0 2716 סובב ירושלים
1 2718 סובב ירושלים
2 2720 סובב ירושלים
3 2721 סובב ירושלים
4 2747 סובב ירושלים

Tidy DataFrame

A (monstrous) merged DataFrame for fancy analysis can be got using get_tidy_feed_df(), whom you pass a partridge feed and extra dataframes you want to merge to it (only zones is used here).

This takes a few minutes (MoT's GTFS is big)

In [25]:
f = get_tidy_feed_df(feed, [zones])

and what you get is this:

In [26]:
f.head()
Out[26]:
trip_id departure_time arrival_time stop_id stop_sequence stop_name stop_lat stop_lon stop_code route_id direction_id route_short_name route_long_name agency_id agency_name zone_name
0 32184517_040618 21:36:00 21:36:00 37318 1 ירושלים מלחה 31.747801 35.188216 17078 22786 1 NaN ירושלים מלחה-ירושלים<->תל אביב מרכז-תל אביב יפו 2 רכבת ישראל סובב ירושלים
1 32184517_040618 22:19:00 22:19:00 37322 2 בית שמש 31.757821 34.989515 17074 22786 1 NaN ירושלים מלחה-ירושלים<->תל אביב מרכז-תל אביב יפו 2 רכבת ישראל אזור בית שמש
2 32184517_040618 22:41:00 22:41:00 37336 3 רמלה 31.928809 34.877304 17060 22786 1 NaN ירושלים מלחה-ירושלים<->תל אביב מרכז-תל אביב יפו 2 רכבת ישראל גוש דן
3 32184517_040618 22:45:00 22:45:00 37338 4 לוד 31.945234 34.875081 17058 22786 1 NaN ירושלים מלחה-ירושלים<->תל אביב מרכז-תל אביב יפו 2 רכבת ישראל גוש דן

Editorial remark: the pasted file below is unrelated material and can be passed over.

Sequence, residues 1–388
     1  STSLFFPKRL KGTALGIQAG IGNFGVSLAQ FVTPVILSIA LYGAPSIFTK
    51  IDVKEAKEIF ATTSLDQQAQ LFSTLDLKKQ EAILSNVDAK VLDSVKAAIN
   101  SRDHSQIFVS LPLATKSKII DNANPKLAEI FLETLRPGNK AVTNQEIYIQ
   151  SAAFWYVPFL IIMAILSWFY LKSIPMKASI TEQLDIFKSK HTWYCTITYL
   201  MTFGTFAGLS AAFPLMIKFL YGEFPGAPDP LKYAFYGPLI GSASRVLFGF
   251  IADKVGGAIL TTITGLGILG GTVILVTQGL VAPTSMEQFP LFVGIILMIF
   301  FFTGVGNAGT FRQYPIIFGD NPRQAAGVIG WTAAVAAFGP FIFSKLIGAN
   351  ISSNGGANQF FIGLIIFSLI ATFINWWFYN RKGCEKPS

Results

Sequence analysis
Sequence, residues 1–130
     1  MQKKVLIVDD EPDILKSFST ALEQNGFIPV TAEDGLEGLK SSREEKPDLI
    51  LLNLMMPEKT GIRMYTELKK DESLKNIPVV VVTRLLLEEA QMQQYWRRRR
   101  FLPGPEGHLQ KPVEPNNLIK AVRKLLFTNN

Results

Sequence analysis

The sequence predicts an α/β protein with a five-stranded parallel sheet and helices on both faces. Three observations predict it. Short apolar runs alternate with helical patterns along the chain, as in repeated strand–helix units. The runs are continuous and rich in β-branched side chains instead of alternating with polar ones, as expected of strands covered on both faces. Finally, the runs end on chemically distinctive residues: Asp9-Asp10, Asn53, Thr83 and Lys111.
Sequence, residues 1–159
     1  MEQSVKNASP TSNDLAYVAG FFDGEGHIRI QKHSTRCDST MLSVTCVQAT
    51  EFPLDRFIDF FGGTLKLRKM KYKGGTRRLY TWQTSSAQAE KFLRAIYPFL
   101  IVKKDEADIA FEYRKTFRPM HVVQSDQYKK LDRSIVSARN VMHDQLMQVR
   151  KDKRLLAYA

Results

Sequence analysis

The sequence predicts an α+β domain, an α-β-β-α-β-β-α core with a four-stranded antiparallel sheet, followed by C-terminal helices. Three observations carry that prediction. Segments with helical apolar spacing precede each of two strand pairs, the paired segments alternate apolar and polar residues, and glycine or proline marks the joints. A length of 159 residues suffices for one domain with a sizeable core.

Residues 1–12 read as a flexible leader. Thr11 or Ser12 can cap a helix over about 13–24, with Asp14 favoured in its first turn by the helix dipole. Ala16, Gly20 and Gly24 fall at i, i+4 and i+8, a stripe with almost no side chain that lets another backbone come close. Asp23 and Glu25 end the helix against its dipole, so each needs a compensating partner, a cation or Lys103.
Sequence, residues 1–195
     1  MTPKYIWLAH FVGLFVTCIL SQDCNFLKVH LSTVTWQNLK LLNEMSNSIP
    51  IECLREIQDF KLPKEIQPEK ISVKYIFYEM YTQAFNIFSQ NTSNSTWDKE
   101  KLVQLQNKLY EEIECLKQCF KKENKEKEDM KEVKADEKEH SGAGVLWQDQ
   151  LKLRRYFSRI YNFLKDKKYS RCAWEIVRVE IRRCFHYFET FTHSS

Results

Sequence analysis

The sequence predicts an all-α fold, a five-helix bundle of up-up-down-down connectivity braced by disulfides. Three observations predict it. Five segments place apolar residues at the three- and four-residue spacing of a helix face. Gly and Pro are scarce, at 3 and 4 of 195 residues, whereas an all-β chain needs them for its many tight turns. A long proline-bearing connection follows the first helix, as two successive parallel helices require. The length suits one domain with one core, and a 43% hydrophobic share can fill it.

4 32184517_040618 22:51:00 22:51:00 37334 5 לוד-גני אביב 31.966977 34.878790 17062 22786 1 NaN ירושלים מלחה-ירושלים<->תל אביב מרכז-תל אביב יפו 2 רכבת ישראל גוש דן

In the future I intend to make this more customizable (field selection, transformations and more).

In [27]:
f.shape
Out[27]:
(3151606, 16)
In [28]:
feed.stop_times.shape
Out[28]:
(3151606, 8)

So we truly have all the stop times for one whole day of trips.

Random examples

In [29]:
f.set_index('arrival_time').resample('10T').size().plot()
Out[29]:
<matplotlib.axes._subplots.AxesSubplot at 0x210a3acee80>
In [78]:
zone_counts = (f.set_index('arrival_time')
               .groupby([pd.Grouper(freq='10T'), 'zone_name'])
               .size().reset_index()
               .rename(columns={0: 'trips'})
               .assign(time = lambda x: pd.DatetimeIndex(x.arrival_time+datetime.date.today()))
              )
In [103]:
lines = alt.Chart(zone_counts).mark_line().encode(
    x = alt.X('time:T', axis=alt.Axis(format='%H:%M')),
    y = 'trips',
    color = alt.Color('zone_name', legend=None),
    tooltip = 'zone_name'
).interactive()

annotation = alt.Chart(zone_counts).mark_text(
    align='left',
    baseline='middle',
    fontSize = 12,
    dx = 4
).encode(
    x='time:T',
    y='trips',
    text='zone_name'
).transform_filter(
    ((alt.datum.trips==8785) | (alt.datum.trips == 5347) | (alt.datum.trips == 1985)) 
)

(lines + annotation).properties(height=400, width=600)
Out[103]: